Import Permits And USDA Health Certificates Required For Equine Semen And Embryos From U.S.
Published: February 2, 2009 10:19 am ET
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Effective January 30, 2009, the Canadian Food Inspection Agency has announced that an import permit is now required for the importation of semen and embryos from the U.S. into Canada. These revised import restrictions are a result of the expanding investigation into Contagious Equine Metritis (CEM) in the U.S.
Canadians seeking timely information regarding import requirements are advised to use the CFIA’s Automated Import Reference System (AIRS), which can be accessed by clicking here.
Instructions for Canadian Importers of Semen and Embryos from the US into Canada:
(1) Notify immediately the companies/agents/owners in the U.S. that you wish to acquire semen or embryos from and inform them that a USDA-endorsed zoosanitary export certificate MUST accompany all shipments from the U.S. to Canada. For more information and to obtain the required certificate, click here
(2) Before semen is shipped, importers in Canada must obtain an import permit from the CFIA. To download an Import Permit Application Form for Live Animals, Semen, Embryos, Animal Products and By-Products, visit the CFIA website by clicking here.
(a) The Import Permit Application Form is to be completed by the importer.
(b) Next, contact a CFIA area office ( a complete list of CFIA offices can be found at the end of this release). The completed application must be faxed or mailed with payment to the Import Office in the province you reside in or into which you will be importing the semen or embryos. CFIA have given Equine Canada assurances that you will be contacted by the Import Office within three (3) days of receipt of the application form with information on how to proceed.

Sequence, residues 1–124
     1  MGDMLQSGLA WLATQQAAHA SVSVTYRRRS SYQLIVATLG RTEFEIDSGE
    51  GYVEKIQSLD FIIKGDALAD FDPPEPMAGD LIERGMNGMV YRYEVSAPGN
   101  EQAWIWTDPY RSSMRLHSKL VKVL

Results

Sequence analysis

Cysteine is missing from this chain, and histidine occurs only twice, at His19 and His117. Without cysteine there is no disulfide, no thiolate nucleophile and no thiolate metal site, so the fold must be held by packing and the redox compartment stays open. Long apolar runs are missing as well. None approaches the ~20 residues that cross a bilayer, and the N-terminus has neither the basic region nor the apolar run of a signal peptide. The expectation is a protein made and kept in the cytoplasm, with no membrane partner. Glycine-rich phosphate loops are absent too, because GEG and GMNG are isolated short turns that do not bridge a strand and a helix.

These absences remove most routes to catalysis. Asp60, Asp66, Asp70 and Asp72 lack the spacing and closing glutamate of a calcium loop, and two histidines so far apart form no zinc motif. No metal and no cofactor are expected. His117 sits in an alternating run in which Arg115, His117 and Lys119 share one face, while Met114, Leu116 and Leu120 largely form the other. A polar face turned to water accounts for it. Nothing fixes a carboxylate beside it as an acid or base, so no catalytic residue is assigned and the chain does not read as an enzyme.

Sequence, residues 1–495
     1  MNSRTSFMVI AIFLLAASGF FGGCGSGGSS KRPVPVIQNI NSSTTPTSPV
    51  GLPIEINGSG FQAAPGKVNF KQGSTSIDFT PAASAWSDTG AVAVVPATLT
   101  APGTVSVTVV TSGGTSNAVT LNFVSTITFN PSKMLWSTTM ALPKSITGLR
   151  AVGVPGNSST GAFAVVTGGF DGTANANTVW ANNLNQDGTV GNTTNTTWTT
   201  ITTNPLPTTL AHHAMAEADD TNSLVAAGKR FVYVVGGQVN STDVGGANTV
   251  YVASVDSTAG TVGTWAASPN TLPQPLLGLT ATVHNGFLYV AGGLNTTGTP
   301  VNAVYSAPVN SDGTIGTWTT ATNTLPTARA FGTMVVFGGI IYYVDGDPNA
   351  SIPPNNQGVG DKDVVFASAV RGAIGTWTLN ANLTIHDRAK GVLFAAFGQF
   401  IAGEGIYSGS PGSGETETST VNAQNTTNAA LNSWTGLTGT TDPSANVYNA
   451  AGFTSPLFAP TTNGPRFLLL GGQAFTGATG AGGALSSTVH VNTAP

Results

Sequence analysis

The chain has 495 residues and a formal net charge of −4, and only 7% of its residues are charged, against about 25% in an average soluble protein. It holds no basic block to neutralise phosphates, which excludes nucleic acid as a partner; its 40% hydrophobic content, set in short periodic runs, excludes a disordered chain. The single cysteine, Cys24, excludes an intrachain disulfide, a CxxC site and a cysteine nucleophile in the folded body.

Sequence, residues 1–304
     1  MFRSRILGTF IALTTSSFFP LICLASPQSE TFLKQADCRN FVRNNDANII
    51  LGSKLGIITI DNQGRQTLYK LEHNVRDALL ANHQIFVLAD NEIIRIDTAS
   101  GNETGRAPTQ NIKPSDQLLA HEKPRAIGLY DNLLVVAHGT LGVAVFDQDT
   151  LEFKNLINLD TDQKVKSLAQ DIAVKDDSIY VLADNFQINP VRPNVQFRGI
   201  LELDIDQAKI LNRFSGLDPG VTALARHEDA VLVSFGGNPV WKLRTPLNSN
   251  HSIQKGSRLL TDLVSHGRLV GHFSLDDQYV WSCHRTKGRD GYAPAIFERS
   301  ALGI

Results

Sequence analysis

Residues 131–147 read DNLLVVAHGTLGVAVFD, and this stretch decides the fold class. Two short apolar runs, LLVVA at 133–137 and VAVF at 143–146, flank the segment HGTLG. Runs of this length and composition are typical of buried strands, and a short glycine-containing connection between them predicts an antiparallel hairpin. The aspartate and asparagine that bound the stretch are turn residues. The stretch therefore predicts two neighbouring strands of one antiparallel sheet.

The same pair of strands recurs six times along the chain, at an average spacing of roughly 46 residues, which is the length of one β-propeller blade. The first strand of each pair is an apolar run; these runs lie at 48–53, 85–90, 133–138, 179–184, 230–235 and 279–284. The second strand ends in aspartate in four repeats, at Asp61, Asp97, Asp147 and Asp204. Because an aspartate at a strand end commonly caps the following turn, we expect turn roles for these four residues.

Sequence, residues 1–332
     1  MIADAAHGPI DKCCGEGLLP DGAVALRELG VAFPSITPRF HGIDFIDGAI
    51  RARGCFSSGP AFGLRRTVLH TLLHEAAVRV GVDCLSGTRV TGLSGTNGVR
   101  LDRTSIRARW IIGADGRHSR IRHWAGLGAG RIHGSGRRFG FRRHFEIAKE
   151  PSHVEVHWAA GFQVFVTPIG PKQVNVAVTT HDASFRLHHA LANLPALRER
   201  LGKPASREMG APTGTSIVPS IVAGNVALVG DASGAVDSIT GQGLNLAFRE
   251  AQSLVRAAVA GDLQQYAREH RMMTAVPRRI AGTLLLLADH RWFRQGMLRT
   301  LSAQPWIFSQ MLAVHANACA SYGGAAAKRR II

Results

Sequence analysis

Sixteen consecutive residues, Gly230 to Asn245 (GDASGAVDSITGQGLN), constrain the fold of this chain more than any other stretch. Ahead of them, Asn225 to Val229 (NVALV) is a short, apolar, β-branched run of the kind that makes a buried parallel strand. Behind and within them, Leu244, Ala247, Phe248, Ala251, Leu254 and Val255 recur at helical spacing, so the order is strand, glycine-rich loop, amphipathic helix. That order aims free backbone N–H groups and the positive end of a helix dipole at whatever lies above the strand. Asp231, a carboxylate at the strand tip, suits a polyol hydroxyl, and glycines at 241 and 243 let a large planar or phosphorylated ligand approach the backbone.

(c) Single entry (one time) permits cost $35. Multiple entry permits are valid for one year and cost $60. An agent or broker may use this method to do combined shipments of multiple stallions and/or exporters and/or destinations. To reference the responsibilities of Brokers, visit the CFIA website by clicking here.
In its investigation of CEM in the US, the USDA has undertaken an extensive traceback exercise to identify and locate all horses in the U.S. that have been exposed to the CEM positive stallions either through direct contact or collected semen. For more information, click here.
CEM is a reportable disease in Canada and the U.S. This means that all suspected cases in Canada must be reported to the CFIA for immediate investigation by inspectors. CEM is a highly contagious disease that affects the reproductive tract of horses. The disease can cause temporary infertility in mares. In most cases, CEM can be successfully treated with disinfectants and antibiotics.
On February 7, 2009, at 9:30 a.m., a CFIA representative will provide an update on CEM at the Breeds & Industry Delegate Assembly at the Equine Canada Convention taking place at the Crowne Plaza in Ottawa, ON. Everyone is welcome to attend. More information about the Equine Canada Convention may be found by clicking here.
As new information about import/export protocols or the CEM outbreak becomes available, the Breeds & Industry Division of Equine Canada will issue updates to Canadian stakeholders. All updates can be found by clicking here.